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Today’s menu comes from the 1950 Betty Crocker’s Picture Cook Book.  Coincidentally, right after I made this menu for lunch today,  I sold this book on eBay and I dropped it off at the post office.  However, I forgot to take pictures of the menu or recipes, so this post is brought to you by my bad memory.

Among my friends, I’m well known for having a terrible memory (also, a poor social filter AKA foot-in-mouth syndrome, but that’s another story).  I’m notorious for this story:  Once, a friend asked me if I’d ever been to the Six Flags theme park.  I answered in the negative.  Five minutes later, I piped up that I had worked there.  Uh, my bad?

Anywho, I remember Lumberjack Macaroni as being credited to a Mr. So and So. (Brown?)  The recipe for Lumberjack Macaroni sounds like something a man from the 50s would come up with one night when his wife was out for a Garden Club meeting.  Seriously, look at this recipe:

Lumberjack Macaroni

hot boiled macaroni (8 oz uncooked)
2 c. grated cheddar cheese
2-4 TBSP. Worcestershire sauce (don’t be sparing, says Mr. Green)
1/4 c. chili sauce
salt and pepper
3/4 C. piping hot melted butter

Spread Macaroni out on large hot platter. Sprinkle with cheese, Worcestershire sauce, chili sauce, salt and pepper. Pour hot melted butter over all. Mix with two forks until sauce is creamy. Serve at once on hot plates. Serves 6.  Note:  Thankfully the title of this recipe makes it pretty easy to find via Google, so it’s probably not as inaccurate as it would be if I tried to recreate it from memory.

Shockingly, this was pretty good.  Not in “I’d make it again” kind of way, but in a “thank goodness, I don’t have to throw this in the trash immediately” kind of way.   Excellent recipe, Mr. Black!

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Oh, and the rest of the meal?  I don’t know menu was Mr. Schwarz approved, but the popovers were piping hot deliciousness and the brownies were absolute fudge.  Too bad, I no longer have the recipe.  Yay Betty!

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1941 Breakfast Chocolate Fail

Menu:

sliced peaches

corn flakes, milk

creamed chicken on toast*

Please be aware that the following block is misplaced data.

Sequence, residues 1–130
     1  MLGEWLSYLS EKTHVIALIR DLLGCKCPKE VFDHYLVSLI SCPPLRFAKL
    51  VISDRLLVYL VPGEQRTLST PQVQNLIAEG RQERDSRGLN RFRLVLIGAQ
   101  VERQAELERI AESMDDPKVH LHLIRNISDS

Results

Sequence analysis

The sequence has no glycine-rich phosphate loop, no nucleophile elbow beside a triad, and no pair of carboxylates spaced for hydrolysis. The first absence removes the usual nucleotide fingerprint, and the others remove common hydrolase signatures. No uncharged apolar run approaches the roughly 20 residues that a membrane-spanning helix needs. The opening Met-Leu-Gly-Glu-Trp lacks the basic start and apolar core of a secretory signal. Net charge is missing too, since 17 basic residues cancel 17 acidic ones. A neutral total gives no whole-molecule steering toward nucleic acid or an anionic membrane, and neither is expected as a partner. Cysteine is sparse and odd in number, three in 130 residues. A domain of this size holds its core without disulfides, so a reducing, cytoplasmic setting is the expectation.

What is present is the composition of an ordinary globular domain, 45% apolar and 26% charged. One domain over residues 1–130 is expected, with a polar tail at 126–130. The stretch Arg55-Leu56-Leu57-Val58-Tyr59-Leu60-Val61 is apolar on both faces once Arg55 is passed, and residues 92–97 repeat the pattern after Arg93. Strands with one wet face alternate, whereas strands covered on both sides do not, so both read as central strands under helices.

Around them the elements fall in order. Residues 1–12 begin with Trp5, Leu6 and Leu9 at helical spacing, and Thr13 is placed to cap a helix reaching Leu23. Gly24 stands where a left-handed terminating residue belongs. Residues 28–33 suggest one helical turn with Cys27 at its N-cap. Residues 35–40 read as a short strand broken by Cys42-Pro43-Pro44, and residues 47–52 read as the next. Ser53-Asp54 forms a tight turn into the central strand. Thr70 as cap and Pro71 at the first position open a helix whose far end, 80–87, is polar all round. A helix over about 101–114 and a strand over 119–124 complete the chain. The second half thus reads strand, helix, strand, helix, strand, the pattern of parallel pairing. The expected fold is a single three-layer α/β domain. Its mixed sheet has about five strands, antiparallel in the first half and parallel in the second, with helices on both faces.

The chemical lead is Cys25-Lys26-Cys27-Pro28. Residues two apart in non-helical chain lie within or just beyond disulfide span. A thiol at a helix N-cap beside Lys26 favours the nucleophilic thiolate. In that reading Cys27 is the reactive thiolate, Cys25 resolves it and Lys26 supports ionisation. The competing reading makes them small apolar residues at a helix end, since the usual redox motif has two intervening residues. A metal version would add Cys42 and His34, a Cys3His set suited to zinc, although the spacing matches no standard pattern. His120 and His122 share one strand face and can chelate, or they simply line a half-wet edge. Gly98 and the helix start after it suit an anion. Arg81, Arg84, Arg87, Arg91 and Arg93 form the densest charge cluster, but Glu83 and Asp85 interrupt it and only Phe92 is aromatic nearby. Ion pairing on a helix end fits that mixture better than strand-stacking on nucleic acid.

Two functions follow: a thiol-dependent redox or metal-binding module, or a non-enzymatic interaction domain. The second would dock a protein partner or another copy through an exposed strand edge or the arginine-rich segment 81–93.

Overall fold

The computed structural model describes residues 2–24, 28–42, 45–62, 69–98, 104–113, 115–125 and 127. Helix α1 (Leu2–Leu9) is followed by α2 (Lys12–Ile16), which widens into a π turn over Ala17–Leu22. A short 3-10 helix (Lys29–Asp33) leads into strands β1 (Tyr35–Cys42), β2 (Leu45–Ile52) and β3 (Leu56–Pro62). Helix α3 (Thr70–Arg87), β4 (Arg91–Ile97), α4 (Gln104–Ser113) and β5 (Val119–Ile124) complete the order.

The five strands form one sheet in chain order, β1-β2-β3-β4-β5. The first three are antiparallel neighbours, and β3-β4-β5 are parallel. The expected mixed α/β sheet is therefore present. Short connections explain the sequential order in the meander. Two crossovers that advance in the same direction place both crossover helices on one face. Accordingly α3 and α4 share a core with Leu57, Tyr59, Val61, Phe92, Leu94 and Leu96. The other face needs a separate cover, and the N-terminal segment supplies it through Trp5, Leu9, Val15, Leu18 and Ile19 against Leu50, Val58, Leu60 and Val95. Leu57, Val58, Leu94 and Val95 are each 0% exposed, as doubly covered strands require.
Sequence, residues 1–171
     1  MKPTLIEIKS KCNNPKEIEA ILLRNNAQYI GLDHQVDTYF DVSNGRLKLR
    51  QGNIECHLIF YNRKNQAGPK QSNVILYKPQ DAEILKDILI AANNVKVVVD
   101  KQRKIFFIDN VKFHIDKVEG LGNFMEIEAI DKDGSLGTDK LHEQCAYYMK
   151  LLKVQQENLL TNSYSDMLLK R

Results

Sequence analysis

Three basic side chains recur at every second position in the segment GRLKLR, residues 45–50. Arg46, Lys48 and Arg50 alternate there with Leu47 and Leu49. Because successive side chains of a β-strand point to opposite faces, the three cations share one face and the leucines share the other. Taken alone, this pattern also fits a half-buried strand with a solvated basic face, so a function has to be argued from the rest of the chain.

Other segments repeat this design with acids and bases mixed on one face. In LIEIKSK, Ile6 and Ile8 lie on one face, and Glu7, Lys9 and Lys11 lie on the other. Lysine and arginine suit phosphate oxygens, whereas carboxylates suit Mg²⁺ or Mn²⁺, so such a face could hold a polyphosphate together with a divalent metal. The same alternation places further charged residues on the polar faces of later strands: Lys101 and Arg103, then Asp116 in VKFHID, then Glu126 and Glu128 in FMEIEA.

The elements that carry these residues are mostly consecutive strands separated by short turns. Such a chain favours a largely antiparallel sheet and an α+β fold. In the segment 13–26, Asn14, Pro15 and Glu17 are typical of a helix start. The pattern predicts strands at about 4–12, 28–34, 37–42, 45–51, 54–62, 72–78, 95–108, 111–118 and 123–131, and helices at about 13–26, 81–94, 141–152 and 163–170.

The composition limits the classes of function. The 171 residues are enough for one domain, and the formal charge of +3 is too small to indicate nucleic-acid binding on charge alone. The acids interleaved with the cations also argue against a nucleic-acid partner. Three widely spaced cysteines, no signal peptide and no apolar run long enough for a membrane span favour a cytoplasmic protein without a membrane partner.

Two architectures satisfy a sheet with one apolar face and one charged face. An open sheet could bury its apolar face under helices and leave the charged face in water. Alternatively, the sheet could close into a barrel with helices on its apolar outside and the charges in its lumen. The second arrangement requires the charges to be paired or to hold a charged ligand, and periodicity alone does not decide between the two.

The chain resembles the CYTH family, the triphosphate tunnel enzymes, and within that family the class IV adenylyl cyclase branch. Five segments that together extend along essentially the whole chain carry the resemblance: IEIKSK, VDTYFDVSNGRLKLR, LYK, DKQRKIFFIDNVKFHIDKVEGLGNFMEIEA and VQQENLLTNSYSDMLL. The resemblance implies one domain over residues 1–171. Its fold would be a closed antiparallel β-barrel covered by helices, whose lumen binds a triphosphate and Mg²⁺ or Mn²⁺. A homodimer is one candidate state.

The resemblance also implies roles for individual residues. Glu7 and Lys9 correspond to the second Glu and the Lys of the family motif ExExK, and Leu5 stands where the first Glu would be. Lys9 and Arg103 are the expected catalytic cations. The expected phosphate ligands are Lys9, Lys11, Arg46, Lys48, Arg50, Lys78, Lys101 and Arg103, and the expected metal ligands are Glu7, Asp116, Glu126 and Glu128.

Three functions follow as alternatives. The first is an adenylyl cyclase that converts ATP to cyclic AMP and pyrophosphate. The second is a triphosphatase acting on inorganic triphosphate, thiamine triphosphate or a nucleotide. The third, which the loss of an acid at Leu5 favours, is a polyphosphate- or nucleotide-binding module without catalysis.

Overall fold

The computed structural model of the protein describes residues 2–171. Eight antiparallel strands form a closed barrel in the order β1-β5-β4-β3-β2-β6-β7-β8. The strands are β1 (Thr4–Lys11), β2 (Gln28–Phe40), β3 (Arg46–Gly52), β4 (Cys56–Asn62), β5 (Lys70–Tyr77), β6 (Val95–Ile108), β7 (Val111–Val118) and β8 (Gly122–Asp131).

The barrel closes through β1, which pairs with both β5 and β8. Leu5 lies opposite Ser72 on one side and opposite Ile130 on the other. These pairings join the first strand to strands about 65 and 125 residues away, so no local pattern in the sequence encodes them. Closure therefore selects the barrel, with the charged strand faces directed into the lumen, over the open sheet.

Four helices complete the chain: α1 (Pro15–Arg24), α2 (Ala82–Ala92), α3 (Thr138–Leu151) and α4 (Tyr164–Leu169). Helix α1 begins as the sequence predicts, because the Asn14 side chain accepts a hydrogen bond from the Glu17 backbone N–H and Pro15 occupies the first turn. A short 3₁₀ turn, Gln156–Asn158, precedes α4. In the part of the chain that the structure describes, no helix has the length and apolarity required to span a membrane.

coffee     bread     chocolate*
(*recipe provided)

Today’s menu comes from the 1941 The 20th Century Club Greetings Cook Book by the 20th Century Club of Wichita, Kansas.  This is an early community cookbook with tons of great ads.

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It also has lots of little extras like a section on budgeting, canning, household hints, and luckily for me, menus!  I picked this menu because creamed chicken sounded like a novel item for breakfast.

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Creamed chicken?  Yum!  I was worried it would be a bit boring, but the recipe had my favorite (and highly underrated) retro spice:  celery salt.  I also went with the mushroom addition for extra panache.  The peaches and corn flakes rounded out this hearty breakfast.  But wait, what’s that in the teacup?  Oh dear.

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If you’ve ever wanted chocolate scrambled eggs, I have the recipe for you.  When I saw the recipe for (hot) chocolate, I had enough kitchen experience to know that mixing boiling milk and egg was a risky proposition.  However, would Mrs. W. E. Haines submit a failure of a recipe for all of her neighbors?  Apparently, yes.

Try to follow this:

Chocolate

1 quart milk (boiling hot)

2 eggs

3 spoons corn starch

2 squares chocolate

salt to taste

Beat sugar (note that there is no sugar listed in the ingredients!) and eggs together and add to boiling milk.  Yep, at this point I had scrambled eggs, but I forged ahead.  Then add cornstarch, dissolved in milk, (because it wasn’t thick enough with the eggs?) and lastly add the chocolate after it has been grated and melted smooth.   — Mrs. W. E. Haines

I’m not sure how this recipe would succeed, but what the heck were the eggs doing there in the first place?  I did try it.  It was pretty stomach turning.  Fail!

Instead, I recommend Mrs. J. S. Hibbard’s Creamed Chicken.

Creamed Chicken 

2 c. cold cooked chicken, cut in dice

2 c. white sauce

1/4 tsp celery salt